633 words by Chris Sommerfeldt, New York Daily News. MOVED

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Hillary Clinton approved Trump-Russia leak to media, her campaign manager says

TRUMP-CLINTON-RUSSIA-LEAK:BLO — Hillary Clinton personally signed off on a plan in 2016 to quietly pitch to the media the now-discredited theory that computer servers at former President Donald Trump’s company had a secret communications link with a Russian bank, her former campaign manager told a jury.

Robby Mook, a witness in the trial of a former Clinton campaign lawyer charged with lying to the FBI, on Friday testified that he and others at the campaign “weren’t totally confident” in the veracity of the server data, but they sent it to reporters anyway a few months before the election.

601 words by Erik Larson, Bloomberg News. MOVED

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Georgia primaries will define a messy November election

GA-PRIMARY:AT — ATLANTA — A test of Donald Trump's influence in the most politically divided state in the nation. A marquee race for Georgia's top job that could set up a rematch between two archrivals. A chance for Democrats to prove the energy behind their 2020 success was no anomaly.

Georgia's swing-state status will be on full display during Tuesday's primary, when voters will decide party nominees for statewide, congressional and legislative offices that will define the November election and help set the national political agenda.

1194 words by Greg Bluestein, The Atlanta Journal-Constitution. MOVED

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Virginia ‘Ginni’ Thomas urged Arizona lawmakers to push pro-Trump slate of electors

ARIZ-ELECTION-GINNITHOMAS:NY — Virginia “Ginni” Thomas reportedly personally urged Arizona lawmakers to push a rogue pro-Trump slate of electors after President Joe Biden won the state in the 2020 election.

The controversial wife of Supreme Court Justice Clarence Thomas sent emails urging the lawmakers to pick a “clean slate” of electors even though Biden was declared the winner by authorities, The Washington Post reported on Friday.

311 words by Dave Goldiner, New York Daily News. MOVED

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Senate Democrats record big April fundraising haul

SENATE-FUNDRAISING:CON — WASHINGTON — Senate Democrats’ campaign arm plans to report on Friday that it hauled in $8.2 million in April, slightly more than its GOP counterpart, as both parties gear up for potential record-shattering expenditures in this year’s midterm elections.

The Democratic Senatorial Campaign Committee also will report holding $45.9 million cash on hand in its monthly disclosure to the Federal Election Commission, the group shared first with CQ Roll Call. The National Republican Senatorial Committee previously said that it would report holding $45.1 million, after raising $8.1 million in April, according to a news release. The NRSC’s FEC filing indeed reflected that amount of cash on hand.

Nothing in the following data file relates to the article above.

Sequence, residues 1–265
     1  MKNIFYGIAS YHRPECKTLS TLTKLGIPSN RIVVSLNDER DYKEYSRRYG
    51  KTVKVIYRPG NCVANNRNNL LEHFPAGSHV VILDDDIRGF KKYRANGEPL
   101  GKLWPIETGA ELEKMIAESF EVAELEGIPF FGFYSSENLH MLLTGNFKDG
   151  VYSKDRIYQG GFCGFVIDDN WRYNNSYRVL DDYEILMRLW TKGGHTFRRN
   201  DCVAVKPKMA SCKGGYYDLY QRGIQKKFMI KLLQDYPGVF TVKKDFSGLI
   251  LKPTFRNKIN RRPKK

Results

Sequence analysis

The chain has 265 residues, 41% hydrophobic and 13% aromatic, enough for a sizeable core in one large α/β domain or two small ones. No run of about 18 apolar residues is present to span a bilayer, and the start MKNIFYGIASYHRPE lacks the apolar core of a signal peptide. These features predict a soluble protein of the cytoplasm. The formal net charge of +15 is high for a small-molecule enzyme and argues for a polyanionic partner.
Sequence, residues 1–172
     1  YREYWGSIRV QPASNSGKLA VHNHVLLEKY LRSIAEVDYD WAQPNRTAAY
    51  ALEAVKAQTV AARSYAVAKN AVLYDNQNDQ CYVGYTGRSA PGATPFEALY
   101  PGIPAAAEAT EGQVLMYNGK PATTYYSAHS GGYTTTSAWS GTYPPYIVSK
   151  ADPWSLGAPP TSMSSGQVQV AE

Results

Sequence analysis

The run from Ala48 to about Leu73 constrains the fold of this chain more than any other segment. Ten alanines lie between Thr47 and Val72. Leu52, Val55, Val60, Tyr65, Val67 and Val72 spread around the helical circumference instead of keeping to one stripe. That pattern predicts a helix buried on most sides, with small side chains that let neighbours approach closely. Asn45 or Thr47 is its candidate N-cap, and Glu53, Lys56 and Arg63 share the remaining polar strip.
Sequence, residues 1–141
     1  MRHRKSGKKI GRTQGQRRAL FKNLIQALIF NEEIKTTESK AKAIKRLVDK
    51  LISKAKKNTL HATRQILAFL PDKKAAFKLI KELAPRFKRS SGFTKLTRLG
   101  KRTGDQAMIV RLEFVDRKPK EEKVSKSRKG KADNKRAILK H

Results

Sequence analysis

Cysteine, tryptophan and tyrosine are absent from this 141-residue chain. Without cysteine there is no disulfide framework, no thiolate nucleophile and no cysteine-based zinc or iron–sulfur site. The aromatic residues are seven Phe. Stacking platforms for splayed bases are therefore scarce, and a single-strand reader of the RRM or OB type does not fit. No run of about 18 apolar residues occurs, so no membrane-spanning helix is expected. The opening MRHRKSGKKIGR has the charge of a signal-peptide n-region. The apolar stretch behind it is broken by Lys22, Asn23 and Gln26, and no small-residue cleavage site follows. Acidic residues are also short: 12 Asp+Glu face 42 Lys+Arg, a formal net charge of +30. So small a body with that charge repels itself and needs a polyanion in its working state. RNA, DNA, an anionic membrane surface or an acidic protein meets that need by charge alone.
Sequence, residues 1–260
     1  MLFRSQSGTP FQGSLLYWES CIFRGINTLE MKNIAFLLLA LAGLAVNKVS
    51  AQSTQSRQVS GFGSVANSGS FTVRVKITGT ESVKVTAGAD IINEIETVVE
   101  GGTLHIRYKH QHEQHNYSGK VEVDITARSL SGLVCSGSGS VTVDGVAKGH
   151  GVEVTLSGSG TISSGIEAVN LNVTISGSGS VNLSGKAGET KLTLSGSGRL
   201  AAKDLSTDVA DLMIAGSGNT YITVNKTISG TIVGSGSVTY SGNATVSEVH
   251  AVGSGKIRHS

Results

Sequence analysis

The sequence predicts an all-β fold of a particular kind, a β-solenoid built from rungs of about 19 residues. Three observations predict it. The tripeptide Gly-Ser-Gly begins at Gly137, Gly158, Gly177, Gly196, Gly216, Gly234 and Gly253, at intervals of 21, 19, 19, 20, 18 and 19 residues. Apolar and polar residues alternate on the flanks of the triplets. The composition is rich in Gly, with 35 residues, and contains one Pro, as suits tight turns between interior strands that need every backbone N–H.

525 words by Kate Ackley, CQ-Roll Call. MOVED

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John Fetterman 'feeling good' as he continues to recover, raises $1.6M within 24 hours of primary victory

PASENATE-FETTERMAN:PG — Two days after he became the Democrats' standard-bearer in one of the country's most important U.S. Senate races, Pennsylvania Lt. Gov. John Fetterman was continuing to rest in a Lancaster hospital, recovering from a stroke he had late last week.

Campaign spokesman Joe Calvello told the Post-Gazette on Thursday that Fetterman is "feeling good today, he is up and walking around and talking to hospital staff and doctors about his recovery plans and his campaign staff about his massive primary win."

469 words by Julian Routh, Pittsburgh Post-Gazette. MOVED

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John Fetterman’s nomination was a rejection of Conor Lamb’s electability claims

PASENATE-FETTERMAN-LAMB:PH — PITTSBURGH — As Conor Lamb greeted voters outside of an elementary school polling place, Johanna Stankorb put on her “I voted sticker” and shuffled out of his way.

“I voted for Fetterman,” she whispered to a reporter. “Not that I don’t think this kid has fight,” the 54-year-old nurse continued, “I just think right now we need someone who is gonna call it as he sees it ... and if somebody can beat the Republicans, it’s gonna be [Fetterman].”

1303 words by Julia Terruso, The Philadelphia Inquirer. MOVED

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Which GOP faction won the Idaho primary? Establishment, far-right candidates trade losses

IDAHO-PRIMARY:ID — BOISE, Idaho — Traditional Idaho Republicans won most top races in Tuesday’s GOP primary, while the far-right-wing of the party gained ground in other areas, especially the Senate, setting up new power structures that may reshape the Republican Party.

This week’s election was widely considered a referendum on the direction of the Idaho GOP. Years-long debates over COVID-19 public health measures, election security and the state’s role in challenging the federal government culminated in a tumultuous primary in which the term “RINO” (Republican in name only) was bandied about often.

1236 words by Ryan Suppe and Kevin Fixler, Idaho Statesman. MOVED

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Democrats feel burned by Kansas Supreme Court after years of GOP anger. Will they retaliate?

KAN-DEMOCRATS:KC — After the Kansas Supreme Court upheld a Republican-drawn congressional map that divides racially diverse Wyandotte County, Kansas State Board of Education member Melanie Haas took to Twitter to express her anger.

The court, wrote the Democrat who represents part of Johnson and Wyandotte counties, had “chosen to endorse racist and classist discrimination, along with gaslighting voters.”

1222 words by Jonathan Shorman, The Kansas City Star. MOVED